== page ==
printf ("Startup dir: ", chdir (""), "\n");
    
  9. cmdhead: int cmdhead(string): This function sets the command head to string. The `command head' is used with the functions exec() and execute(), described below.

  10. cmdtail: int cmdtail(string): This function sets the command tail to string. The `command tail' is used with the functions exec() and execute(), described below.

  11. echo: int echo(int): This function determines whether, before the execution of a command, the command will be displayed. The argument of the function determines the displaying mode: when zero, displaying is suppressed; else, commands are displayed before execution. Two predefined constants are available for use as an argument to echo(): the constants ON and OFF. The values of these constants are, respectively, 1 and 0. Initially, echoing is on.

    Example:

       echo (ON);      // commands will be displayed echo (OFF);     //
            commands will not be displayed
    
  12. element: string element(int, list): This function retrieves a string from a list. The order number of the name in the list is given by the first argument. Note that this index is zero-based, i.e., the first element in the list has index 0. The last element in the list has index sizeoflist(list) - 1.

    Example:

               list
                            l;
                    string
                            n;
                    int
                            i;
                    l = makelist ("*.c"); for (i = 0; i < sizeoflist (l);
                    i++) if (element (i, l) newer "main") printf ("Source file
                    ", element (i, l), " is more recent than main\n");
    
  13. element: string element(int, string): This function retrieves a substring of one character from the string given as its second argument.

    The character which is returned is found in the second (string) argument at the offset position specified in the first (int) argument. This index is zero-based: the first character of the string has index 0.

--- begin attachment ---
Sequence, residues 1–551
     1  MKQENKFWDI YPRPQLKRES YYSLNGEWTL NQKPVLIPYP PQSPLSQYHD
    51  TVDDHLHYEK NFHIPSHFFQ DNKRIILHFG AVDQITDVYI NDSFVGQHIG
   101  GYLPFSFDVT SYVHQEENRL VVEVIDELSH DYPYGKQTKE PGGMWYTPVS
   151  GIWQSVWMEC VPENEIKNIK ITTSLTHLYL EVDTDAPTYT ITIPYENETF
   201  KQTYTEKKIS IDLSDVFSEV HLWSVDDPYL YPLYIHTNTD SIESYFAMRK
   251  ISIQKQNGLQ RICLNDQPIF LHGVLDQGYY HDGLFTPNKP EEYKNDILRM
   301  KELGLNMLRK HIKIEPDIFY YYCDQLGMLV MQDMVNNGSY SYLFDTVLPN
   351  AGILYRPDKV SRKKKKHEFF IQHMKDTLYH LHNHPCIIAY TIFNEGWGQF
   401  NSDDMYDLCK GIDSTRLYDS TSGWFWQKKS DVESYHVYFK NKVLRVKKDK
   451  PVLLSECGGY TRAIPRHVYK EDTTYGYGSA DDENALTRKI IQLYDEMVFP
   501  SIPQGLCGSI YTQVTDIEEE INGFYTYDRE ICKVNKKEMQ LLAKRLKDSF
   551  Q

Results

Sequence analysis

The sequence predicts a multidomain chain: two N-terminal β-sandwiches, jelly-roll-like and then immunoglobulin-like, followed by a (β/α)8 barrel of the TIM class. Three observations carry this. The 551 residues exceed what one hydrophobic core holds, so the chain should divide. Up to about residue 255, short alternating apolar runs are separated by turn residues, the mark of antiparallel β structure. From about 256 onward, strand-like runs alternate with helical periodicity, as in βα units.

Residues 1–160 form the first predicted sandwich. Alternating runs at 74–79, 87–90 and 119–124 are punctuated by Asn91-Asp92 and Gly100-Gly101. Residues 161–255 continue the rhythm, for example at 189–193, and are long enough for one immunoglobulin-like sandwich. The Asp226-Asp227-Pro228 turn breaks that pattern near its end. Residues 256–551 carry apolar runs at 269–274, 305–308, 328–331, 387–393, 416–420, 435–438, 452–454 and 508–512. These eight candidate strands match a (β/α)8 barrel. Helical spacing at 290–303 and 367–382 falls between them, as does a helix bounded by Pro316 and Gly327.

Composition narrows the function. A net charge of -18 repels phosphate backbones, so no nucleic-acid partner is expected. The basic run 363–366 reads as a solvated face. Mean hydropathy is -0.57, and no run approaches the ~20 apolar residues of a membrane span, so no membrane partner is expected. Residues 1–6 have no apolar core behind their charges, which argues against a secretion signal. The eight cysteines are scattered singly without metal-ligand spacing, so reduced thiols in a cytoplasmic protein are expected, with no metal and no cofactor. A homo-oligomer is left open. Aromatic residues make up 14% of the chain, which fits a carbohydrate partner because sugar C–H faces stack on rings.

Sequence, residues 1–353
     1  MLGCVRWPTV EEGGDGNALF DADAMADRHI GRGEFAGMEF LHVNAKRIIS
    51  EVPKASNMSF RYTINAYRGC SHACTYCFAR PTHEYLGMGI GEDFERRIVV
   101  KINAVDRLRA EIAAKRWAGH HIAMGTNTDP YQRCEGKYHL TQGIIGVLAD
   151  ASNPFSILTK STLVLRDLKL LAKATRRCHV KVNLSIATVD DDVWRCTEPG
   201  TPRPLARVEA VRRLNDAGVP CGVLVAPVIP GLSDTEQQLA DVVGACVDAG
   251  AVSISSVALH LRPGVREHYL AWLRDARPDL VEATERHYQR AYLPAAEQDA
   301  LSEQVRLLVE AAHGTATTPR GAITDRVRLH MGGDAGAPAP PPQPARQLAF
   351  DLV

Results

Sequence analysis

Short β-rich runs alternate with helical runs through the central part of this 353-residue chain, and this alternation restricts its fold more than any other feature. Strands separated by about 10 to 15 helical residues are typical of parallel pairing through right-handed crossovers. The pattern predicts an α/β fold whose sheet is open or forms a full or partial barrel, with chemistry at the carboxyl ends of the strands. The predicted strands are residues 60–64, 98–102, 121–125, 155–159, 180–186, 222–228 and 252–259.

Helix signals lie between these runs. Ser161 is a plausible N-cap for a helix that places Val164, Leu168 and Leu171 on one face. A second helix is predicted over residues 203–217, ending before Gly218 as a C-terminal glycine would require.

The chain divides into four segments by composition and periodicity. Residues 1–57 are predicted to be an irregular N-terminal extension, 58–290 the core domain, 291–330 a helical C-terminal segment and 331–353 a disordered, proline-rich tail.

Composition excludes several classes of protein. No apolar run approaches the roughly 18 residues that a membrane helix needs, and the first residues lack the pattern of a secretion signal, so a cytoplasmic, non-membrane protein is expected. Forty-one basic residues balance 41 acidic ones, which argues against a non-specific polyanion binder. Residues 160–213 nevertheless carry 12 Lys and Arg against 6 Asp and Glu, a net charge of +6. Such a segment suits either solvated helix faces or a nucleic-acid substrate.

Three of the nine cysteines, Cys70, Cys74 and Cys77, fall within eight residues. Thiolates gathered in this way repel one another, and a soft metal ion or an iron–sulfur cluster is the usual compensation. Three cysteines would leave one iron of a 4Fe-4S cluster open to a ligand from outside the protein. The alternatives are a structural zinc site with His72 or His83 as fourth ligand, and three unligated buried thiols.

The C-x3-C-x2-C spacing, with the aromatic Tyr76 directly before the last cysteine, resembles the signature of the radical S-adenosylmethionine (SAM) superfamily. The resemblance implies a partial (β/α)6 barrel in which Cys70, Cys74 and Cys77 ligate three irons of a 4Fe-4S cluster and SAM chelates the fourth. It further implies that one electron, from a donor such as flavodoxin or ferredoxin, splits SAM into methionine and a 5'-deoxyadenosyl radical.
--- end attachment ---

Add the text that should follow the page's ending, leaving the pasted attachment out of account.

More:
Example:

               string
                            s;
                    int
                            count; i;
                    count = 0; s = "Hello world"; for (i = 0; element(i,
                    s); i++)
                            count++;
                    printf("String '", s, "' contains ", count, "
                    characters.\n");
    
  14. exec: int exec(int, string, ...): This function executes a command by spawning a child process. The arguments are:

    a. The first argument is an optional mode (an int). It may be P_CHECK (0) or P_NOCHECK (2). These predefined constants determine whether the exit status of the command should be checked or not. If the exit status should be checked, and a non-zero value is returned by the called program, the processing of the icmake file is aborted. If the first argument is omitted (i.e., if the first argument is not an int), P_CHECK is assumed.

    b. The second argument is the command to run (a string). This is the name of the program to be activated.

    c. The following arguments are the arguments which should be passed to the called program. These arguments may be ints, lists or strings.

    Each command is composed of the program name (the second argument), followed by the current setting of the command head (see cmdhead(), followed by all arguments and terminated with the command tail (see cmdtail()). Each argument to the command is prefixed with the argument head (see arghead()) and postfixed by the argument tail (see argtail()).